Greece needs to negotiate with EU policymakers by February 28 in order to receive the next tranche of bailout funds. If Athens doesn’t get the money it will have difficulty servicing its debt. Two bailouts were paid in 2010 and 2014 totaling €240 billion.

The new government was quick to show support for Moscow, and has openly called for an end to Russian sanctions, and may veto any future sanctions.

View image on Twitter
says should change policy towards 

Siluanov applauded Greece’s stance on sanctions as pragmatic” and economically justified.”

On Thursday the European Commission decided to extend sanctions against Russia through September 2015, but did not add any broader economic measures. A spokesperson for the new PM Alexis Tsipras said Greece didn’t approve of any further restrictive measures.

Between announcing it doesn’t intend to pay off its €317 billion debt in full and blocking Russia sanctions, Greece has emerged as a wild card among the 29 countries of the EU.

Russia-Greece deals

Russia gave Greece a very valuable card to play in the EU when it announced its South Stream pipeline will be re-routed through Turkey, with a gas hub expected to be built on the border between Turkey and Greece.

Russian investors have been watching Greece closely since the economy went bust in the 2008 credit crisis, which sent it looking for financial assistance from the EU to pay its creditors.
The crisis, as well as the EU bailout policy, has sent the economy into a six-year recession, forcing the government to dismantle and privatize state assets to meet austerity targets under its EU bailout plan.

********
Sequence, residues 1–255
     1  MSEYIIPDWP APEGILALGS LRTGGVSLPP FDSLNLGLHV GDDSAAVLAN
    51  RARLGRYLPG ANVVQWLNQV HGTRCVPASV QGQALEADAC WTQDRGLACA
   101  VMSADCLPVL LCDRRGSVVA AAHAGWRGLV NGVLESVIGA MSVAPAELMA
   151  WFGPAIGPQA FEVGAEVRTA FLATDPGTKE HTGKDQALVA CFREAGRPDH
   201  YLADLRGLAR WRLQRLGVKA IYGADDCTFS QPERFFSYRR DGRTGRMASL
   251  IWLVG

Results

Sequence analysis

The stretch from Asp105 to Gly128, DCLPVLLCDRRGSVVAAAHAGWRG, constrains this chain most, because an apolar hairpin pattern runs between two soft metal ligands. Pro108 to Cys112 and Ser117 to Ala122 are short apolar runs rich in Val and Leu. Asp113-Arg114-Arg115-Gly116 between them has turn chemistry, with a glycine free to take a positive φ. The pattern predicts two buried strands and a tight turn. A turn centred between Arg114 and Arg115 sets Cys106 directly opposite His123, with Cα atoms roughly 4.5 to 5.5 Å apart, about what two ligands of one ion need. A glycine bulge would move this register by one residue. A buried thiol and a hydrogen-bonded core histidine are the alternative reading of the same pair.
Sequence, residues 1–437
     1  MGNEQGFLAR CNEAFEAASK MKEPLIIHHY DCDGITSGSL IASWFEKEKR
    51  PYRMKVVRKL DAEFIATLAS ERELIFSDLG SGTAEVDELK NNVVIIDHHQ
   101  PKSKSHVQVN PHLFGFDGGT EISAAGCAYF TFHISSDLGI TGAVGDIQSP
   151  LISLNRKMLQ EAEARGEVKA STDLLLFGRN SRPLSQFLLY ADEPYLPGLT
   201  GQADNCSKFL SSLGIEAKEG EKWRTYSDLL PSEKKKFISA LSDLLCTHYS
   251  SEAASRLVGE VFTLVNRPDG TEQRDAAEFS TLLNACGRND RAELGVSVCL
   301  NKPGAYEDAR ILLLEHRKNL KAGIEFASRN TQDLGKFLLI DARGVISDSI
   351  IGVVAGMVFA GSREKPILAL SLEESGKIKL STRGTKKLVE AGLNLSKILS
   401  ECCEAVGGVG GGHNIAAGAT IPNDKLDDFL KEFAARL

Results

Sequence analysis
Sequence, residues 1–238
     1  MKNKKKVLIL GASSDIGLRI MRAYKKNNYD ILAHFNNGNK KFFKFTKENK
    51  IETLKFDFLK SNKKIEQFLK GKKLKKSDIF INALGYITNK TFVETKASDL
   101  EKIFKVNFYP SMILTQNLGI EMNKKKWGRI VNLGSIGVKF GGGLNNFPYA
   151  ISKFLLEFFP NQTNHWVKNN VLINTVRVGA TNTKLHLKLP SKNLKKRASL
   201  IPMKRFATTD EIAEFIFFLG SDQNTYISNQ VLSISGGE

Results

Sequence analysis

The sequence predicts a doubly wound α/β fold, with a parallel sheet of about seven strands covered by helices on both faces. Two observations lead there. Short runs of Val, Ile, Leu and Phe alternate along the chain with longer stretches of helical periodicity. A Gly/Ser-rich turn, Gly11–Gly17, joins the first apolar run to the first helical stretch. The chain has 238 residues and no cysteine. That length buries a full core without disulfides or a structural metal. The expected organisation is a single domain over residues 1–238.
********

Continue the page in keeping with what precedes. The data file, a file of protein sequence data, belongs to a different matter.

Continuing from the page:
State-owned Russian Railways and Gazprom have been eyeing stakes in Greek assets. Russian Railways has held talks with TrainOSE, Greece’s state-owned passenger and cargo rail operator. In 2013, Gazprom made a €900 million bid for Greece’s state gas company DEPA, but backed out of negotiations at the last minute, citing concerns over the company’s financial stability.
Russian investment in Greek railways is estimated at up to $3 billion per year.
Traditionally, the two countries have very strong tourist ties, with more than 1 million Russians visiting Greece each year. This number has been trimmed since the ruble crisis and slowed growth have forced many Russian to forgo foreign travel.
Greece is home to a robust Russian diaspora - nearly 300,000 Russian nationals live 1,400 miles south of Moscow, largely a result of emigration

This is from the Guardian representing the western liberal press (not in the headlines). 
Of Siluanov's proposal to bail out Greece, not a sign in the western media

Yanis Varoufakis says new government will refuse to engage with auditors from the EU, the European Central Bank and the International Monetary Fund

Greek Bond Yields Surge Above 19% After EU Talks

Following finance minister Varoufakis' insistence that Greece will not accept more debt (or what EU calls a "bailout") and talks with the Eurogroup chief end, Greek bond yields have surged (and prices dropped) with 3Y GGBs back over 19% - the highest since the crisis. Greek bank stocks - after yesterday's exuberant penny stock squeeze - are falling once again.

Greek bonds are plunging...

Greek bank stocks have faded fast post-Troika meeting...


1 comment: